Life Lessons from my Grandfather, Nelson Mandela
Life lessons for us all: Going to the Mountain is a book about Ndaba Mandela’s unforgettable time growing up with, and learning from, one of the greatest leaders the world has ever known – his grandfather, Nelson Mandela.
‘You empower yourself and then you reach out to others.’
Uplifting life lessons from one of the greatest leaders the world has ever known... through the eyes of the grandson whose life he changed forever.
In his book Going to the Mountain, Ndaba Mandela shares the story of his coming-of-age alongside South Africa’s rebirth. It is a remarkable journey, and one that took him from the violent, segregated Sowetto ghettos to his grandfather’s presidential home.
As a young boy, Ndaba was constantly shunted from place to place. But at eleven years old he was unexpectedly invited to live with his grandfather, Nelson Mandela, even though he had met him only once before, during a prison visit. And, slowly, they built a relationship that would affect both of them profoundly.
Ndaba's teenage years were complicated, but as he approached his twenty-first birthday, Mandela decided that Ndaba was finally ready to ‘go to the mountain’ – a test of courage during which you become a man. At the end of this gruelling ritual journey, the elders of the Mandelas’ tribe gathered and Ndaba’s grandfather was there, as ever, to share his greatest life lessons.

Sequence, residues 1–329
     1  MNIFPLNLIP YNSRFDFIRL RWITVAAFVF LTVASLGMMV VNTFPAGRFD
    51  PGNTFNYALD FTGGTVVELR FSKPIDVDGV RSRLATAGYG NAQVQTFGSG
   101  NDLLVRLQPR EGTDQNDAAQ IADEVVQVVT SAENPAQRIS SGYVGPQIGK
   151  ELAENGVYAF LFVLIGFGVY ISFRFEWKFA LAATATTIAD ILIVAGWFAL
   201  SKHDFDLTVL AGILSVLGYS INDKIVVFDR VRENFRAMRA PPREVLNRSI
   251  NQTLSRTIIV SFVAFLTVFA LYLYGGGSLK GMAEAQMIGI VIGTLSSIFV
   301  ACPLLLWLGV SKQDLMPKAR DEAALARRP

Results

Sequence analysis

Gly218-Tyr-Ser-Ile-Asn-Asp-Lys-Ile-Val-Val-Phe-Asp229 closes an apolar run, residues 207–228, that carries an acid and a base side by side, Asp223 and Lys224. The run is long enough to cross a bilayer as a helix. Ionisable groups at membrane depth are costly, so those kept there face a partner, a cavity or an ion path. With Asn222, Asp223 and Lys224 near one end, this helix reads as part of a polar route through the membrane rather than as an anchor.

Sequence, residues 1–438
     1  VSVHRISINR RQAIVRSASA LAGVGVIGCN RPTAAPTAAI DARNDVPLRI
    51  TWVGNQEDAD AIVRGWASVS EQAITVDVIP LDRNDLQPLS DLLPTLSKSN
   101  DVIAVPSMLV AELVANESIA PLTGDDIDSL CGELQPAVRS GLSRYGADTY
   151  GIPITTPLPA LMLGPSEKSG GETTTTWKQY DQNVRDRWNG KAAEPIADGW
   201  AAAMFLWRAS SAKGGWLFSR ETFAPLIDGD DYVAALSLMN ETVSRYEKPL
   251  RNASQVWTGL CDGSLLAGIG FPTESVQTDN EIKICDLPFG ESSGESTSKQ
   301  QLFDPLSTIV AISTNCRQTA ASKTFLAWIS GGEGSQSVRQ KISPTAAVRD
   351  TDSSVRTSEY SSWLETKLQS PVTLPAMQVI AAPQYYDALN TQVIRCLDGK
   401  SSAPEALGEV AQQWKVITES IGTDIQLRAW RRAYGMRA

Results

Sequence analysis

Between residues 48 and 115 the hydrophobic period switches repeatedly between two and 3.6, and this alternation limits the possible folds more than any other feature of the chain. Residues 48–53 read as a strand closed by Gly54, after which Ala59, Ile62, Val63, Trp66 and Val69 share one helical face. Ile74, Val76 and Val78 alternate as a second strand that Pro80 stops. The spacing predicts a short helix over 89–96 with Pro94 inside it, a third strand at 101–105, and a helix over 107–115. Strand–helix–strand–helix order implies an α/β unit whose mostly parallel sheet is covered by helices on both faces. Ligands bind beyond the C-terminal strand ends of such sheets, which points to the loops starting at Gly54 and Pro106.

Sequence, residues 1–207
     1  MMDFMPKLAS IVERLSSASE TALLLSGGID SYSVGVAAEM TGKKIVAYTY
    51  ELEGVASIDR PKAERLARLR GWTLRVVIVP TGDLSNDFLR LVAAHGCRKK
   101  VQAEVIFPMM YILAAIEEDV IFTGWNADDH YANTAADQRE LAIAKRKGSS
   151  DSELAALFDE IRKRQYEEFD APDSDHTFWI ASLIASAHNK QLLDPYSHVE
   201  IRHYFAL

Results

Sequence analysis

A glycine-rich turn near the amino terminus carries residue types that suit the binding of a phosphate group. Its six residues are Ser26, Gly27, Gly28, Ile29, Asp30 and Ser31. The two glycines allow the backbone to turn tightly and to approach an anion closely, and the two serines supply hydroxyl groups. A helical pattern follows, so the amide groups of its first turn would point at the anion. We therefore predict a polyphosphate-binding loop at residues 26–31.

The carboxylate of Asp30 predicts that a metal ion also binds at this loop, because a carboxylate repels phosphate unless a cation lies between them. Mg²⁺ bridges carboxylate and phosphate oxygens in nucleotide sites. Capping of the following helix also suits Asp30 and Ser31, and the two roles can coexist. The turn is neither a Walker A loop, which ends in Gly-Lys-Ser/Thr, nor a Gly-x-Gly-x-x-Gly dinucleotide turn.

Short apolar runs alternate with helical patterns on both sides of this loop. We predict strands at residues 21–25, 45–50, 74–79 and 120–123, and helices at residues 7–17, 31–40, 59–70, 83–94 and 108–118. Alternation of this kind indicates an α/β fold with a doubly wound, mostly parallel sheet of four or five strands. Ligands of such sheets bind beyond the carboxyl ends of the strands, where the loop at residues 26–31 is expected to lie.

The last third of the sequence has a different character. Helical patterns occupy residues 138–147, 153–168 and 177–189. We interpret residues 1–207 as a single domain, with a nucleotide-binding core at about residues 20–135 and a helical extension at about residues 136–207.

From Nelson Mandela, Ndaba learned the spirit of endurance, the triumph of forgiveness, the power of resistance and the beauty of reconciliation. And as Mandela grew older, Ndaba had the chance to repay his grandfather’s love and support by demonstrating the ways in which he’d understood all that he had taught him.
Intimate and inspirational, Going to the Mountain is a powerful reminder of how one person can impact profoundly on another, and a testament to the awesome power within us to change ourselves and our world.
“One of the most interesting books of the year.”
The Church of England Newspaper
“The book is a precious example of inner history; it is a unique insight into a world-spanning person”